While the author’s intent is to strengthen these restrictions, this bill goes much farther by banning any semi-automatic rifle with a detachable magazine. This ban covers low-capacity rifles that are commonly used for hunting, firearms training, and marksmanship practice, as well as some historical and collectible firearms. Moreover, hundreds of thousands of current gun owners would have to register their rifles as assault weapons and would be banned from selling or transferring them in the future.
Today I signed a number of bills that strengthen California’s gun laws, including AB 48, which closes a loophole in the existing ban on dangerous high-capacity magazines. I also signed AB 1131 and SB 127, which restrict the ability of mentally unstable people to purchase or possess guns.
I don’t believe that this bill’s blanket ban on semi-automatic rifles would reduce criminal activity or enhance public safety enough to warrant this infringement on gun owners’ rights.
Edmund G. Brown Jr.
The veto would not have prevented the San Bernardino killers from getting their hands on the assault rifles that they then modified to make even more deadly.
But there is no disputing that the veto perpetuated the bullet button technicality and the legal sale of what was by all appearances an assault rifle. The San Bernardino killers seem to have felt free to take the assault rifles to local shooting ranges and practice their marksmanship. They seem to have no more worries of running afoul of the law than when Farook plunked away with his little .22 target rifle. They just blazed away.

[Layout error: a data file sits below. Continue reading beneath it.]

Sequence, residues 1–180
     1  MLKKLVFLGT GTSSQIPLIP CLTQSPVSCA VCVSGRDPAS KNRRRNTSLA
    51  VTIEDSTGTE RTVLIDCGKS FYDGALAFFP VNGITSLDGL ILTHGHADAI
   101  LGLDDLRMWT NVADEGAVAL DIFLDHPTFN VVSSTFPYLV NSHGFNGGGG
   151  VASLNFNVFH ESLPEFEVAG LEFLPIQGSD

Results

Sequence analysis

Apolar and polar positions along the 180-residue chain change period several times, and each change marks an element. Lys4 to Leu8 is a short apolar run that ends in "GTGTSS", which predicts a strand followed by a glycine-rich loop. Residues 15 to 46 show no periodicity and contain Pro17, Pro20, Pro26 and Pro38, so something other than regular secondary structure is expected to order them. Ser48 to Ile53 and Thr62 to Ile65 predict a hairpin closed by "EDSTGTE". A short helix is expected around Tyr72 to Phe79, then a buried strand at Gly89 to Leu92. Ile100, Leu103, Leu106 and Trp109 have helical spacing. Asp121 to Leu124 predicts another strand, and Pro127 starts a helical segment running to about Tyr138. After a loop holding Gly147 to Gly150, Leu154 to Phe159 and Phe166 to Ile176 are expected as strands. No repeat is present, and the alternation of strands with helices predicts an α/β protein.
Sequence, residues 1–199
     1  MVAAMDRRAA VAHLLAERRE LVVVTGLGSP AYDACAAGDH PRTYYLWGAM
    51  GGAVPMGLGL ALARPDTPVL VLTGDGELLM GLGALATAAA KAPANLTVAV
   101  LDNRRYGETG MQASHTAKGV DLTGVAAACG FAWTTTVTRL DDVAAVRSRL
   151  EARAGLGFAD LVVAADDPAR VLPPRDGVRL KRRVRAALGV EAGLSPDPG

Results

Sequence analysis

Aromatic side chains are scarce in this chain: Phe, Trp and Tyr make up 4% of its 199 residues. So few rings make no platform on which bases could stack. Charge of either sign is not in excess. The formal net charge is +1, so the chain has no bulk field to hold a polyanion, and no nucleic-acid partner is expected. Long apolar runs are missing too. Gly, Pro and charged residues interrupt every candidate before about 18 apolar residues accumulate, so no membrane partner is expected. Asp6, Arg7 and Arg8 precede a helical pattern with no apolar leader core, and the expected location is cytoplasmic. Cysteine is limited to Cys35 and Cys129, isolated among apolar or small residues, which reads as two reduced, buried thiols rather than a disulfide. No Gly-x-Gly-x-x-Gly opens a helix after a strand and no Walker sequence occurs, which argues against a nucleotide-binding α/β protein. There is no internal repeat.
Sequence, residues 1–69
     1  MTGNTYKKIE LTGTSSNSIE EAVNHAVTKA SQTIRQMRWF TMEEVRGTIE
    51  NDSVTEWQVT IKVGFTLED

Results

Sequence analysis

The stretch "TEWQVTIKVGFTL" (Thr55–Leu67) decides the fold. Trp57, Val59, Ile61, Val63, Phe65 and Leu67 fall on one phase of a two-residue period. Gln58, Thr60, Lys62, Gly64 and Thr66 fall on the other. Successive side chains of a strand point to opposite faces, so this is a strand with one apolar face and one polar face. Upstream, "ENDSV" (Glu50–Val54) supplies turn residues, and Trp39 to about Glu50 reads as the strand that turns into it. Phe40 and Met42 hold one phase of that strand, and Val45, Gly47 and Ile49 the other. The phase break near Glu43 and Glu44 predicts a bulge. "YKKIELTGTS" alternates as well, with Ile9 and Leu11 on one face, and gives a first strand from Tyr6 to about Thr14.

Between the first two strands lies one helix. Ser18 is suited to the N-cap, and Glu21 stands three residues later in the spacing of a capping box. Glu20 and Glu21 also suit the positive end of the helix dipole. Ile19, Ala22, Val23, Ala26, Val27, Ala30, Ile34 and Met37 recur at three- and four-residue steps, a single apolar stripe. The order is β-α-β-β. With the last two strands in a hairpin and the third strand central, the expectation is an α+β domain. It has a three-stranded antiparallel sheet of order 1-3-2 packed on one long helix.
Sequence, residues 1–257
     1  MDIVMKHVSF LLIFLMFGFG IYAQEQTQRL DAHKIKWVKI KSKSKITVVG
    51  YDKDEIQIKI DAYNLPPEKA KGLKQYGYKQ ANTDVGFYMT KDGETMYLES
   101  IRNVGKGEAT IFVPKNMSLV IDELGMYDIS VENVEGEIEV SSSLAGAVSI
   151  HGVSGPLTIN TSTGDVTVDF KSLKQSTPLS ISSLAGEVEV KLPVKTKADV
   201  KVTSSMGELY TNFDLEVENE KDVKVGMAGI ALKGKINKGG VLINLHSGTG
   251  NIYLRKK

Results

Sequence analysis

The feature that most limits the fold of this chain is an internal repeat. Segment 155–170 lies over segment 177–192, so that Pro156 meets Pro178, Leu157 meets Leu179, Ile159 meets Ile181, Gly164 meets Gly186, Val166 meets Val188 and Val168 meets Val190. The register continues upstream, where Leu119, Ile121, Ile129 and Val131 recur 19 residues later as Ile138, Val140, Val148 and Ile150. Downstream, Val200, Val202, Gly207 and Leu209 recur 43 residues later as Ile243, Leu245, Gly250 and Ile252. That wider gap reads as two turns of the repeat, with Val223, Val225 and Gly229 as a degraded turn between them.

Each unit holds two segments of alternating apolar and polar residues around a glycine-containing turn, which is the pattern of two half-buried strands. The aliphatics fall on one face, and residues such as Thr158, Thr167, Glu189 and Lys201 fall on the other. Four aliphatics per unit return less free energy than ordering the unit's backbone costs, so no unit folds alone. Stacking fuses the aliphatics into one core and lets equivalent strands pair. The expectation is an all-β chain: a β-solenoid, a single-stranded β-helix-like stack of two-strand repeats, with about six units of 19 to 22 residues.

“Within days of this incident,” FBI Assistant Director in Charge David Bowdich told a press conference on Monday.
Farook and Malik also must have practiced changing magazines, for they are said to have reloaded smoothly not only while they were murdering 14 innocents at a holiday party but even during the subsequent running gun battle with the police. Malik must have reloaded at least twice as she fired out the back of their SUV at the pursuing cops.
Afterward, the police made public a photograph of the two recovered assault rifles. The neighbor believed to have originally purchased them is said to have checked himself into a mental hospital. His legal status is unclear.
“I’m not prepared to discuss Mr. Marquez at this point,” Bowdich told reporters.
Meanwhile, Brown expressed horror at the carnage and accused Arizona and Nevada of allowing terrorists to arm themselves. Never mind that the murder weapons were purchased in California thanks to a loophole that Brown himself subsequently declined to close because it was too much of an infringement on the rights of gun owners.
In response to a request for comment from the governor, a spokesman directed The Daily Beast to a CNN interview in which Brown defended his veto of the measure ending the bullet button loophole. Brown said the bill was “overbroad,” affecting such things as “collectibles.”
“The devil is in the details,” Brown said.
He would have done better just to say that the murderous devils in San Bernardino had proven him tragically wrong in one detail even as the rest of California’s gun laws were indeed so much better than those in Arizona and Nevada.
“Regarding future legislation… he’ll seriously consider any bill that reaches his desk,” said the spokeswoman for Bullet Button Brown.